Wednesday, October 17, 2007

Vicente Fox: Revolutionist or
Just Plain Ridiculous?

Recently in the Houston Chronicle former Mexican president Vicente Fox’s new book tour was discussed. (For the article, see link at bottom of page.) Written by Dane Schiller, the article touched on various interviews Fox has done during tour stops. So far it seems his main fight is for rights for Mexicans to become permanent American residents.

While everyone is entitled to their own opinion on immigration, I take issue with the way the article was written and the way Fox was presented. The first sentence stated, “Former Mexican President Vicente Fox doesn’t get many breaks these days.” The article went on to build sympathy for the former president, even giving a quote from a former Mexican citizen now living in America saying he is the “greatest.” The author feels that the news programs Fox has been on have not given him a break; alleging they hammered away to harshly at him concerning the immigration issue. What I cannot seem to understand is why the article caters to him but does not have any real data to back up why we should listen to and agree with Fox. Instead the writer attempts to sway the readers with emotion. The article also fails to mention how illegal immigration negatively affects America. Instead Americans are portrayed as xenophobes who are fearful of immigrants and view them as terrorists. The article gives examples of Fox naming the good qualities of Mexico; furthering the argument that he is a man who loves his country. The way I see it the big questions should of been: If one loves their country and wants to see it thrive, why would they encourage their people to go to another country to live and work? Why would they not instead want to build the economy, strengthen the school system and get rid of the corruption present in the government? These are some of the questions the author should have asked instead of making Fox sound like the revolutionist he believes he is.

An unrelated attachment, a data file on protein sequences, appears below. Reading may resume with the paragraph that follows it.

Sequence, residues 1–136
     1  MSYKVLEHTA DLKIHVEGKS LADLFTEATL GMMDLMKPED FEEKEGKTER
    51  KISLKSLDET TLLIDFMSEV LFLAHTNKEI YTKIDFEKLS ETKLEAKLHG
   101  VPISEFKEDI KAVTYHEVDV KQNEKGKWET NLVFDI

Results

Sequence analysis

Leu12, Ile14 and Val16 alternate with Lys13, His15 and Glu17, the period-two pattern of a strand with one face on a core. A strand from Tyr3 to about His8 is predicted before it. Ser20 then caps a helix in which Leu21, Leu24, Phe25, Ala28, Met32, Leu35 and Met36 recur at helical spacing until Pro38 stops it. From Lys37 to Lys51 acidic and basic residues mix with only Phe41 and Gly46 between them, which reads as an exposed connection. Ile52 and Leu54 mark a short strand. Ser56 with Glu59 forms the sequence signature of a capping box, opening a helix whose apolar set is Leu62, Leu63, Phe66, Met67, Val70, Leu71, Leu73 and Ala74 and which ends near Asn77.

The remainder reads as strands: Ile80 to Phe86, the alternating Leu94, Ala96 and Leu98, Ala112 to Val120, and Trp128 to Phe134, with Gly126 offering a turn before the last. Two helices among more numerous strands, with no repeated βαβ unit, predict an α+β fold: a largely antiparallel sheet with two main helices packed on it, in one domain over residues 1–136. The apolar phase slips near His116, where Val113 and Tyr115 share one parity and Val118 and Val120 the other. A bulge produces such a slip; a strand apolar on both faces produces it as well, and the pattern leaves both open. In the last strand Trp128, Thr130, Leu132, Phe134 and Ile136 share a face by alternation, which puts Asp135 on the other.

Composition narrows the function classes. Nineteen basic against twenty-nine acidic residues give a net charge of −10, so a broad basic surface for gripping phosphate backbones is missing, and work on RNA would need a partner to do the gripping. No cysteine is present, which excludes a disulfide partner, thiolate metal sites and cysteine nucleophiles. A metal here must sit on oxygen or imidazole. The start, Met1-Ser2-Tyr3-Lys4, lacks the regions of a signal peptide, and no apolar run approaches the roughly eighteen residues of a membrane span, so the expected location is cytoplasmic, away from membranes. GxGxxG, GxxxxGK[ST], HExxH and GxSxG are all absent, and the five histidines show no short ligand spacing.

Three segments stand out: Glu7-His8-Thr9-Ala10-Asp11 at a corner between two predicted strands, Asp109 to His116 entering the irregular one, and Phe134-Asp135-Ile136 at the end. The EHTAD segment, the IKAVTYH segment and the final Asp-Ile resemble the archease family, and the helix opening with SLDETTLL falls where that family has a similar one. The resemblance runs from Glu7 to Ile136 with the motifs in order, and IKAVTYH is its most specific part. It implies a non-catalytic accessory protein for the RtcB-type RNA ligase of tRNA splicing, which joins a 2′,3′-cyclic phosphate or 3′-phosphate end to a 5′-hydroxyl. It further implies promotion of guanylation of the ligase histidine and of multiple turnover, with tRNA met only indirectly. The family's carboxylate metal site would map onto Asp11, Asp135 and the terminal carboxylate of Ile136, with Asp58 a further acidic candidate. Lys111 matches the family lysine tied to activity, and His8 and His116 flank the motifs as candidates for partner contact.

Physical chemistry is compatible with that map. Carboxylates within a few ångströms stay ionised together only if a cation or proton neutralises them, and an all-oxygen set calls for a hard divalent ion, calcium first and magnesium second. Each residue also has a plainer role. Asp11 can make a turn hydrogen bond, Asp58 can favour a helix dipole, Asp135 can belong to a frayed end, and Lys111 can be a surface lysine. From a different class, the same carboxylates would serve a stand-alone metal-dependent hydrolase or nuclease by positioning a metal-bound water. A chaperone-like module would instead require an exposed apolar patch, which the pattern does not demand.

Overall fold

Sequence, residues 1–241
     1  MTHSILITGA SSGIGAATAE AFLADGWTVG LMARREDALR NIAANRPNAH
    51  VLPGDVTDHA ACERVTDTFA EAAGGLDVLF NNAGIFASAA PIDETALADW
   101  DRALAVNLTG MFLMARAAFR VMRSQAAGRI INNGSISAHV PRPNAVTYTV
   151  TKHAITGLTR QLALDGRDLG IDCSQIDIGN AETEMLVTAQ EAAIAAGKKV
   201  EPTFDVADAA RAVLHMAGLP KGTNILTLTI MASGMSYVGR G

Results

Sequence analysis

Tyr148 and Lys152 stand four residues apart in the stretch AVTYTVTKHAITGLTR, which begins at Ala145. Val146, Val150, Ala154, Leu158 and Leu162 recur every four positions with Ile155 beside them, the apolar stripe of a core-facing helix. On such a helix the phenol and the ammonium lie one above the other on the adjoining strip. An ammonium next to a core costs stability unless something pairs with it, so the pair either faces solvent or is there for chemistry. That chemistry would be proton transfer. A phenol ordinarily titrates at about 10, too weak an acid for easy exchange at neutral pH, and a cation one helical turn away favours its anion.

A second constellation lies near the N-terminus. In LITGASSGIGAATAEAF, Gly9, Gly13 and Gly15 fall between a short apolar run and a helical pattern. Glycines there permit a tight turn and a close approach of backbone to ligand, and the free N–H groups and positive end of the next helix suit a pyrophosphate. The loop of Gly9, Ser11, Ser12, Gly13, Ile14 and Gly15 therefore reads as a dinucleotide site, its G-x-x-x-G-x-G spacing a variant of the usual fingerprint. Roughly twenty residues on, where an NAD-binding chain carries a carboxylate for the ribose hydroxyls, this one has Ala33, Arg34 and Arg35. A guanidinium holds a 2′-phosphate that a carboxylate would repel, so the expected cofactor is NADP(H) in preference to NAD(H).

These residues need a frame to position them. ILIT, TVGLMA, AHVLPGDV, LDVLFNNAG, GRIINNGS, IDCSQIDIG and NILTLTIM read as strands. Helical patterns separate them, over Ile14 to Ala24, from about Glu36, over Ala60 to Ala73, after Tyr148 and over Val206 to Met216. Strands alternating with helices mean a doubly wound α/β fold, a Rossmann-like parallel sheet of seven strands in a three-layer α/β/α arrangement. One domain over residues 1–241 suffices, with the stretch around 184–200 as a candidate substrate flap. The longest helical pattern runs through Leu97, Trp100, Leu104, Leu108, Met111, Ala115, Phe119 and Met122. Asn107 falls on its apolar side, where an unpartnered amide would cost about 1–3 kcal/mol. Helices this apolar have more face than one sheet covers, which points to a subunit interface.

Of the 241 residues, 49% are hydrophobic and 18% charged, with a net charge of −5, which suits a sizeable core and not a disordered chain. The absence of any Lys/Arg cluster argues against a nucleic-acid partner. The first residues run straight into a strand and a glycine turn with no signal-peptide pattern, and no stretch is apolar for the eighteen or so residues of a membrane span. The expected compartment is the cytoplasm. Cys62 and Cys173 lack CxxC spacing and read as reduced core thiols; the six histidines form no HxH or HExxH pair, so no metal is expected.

Monday, October 1, 2007

Proposition could mean a more open government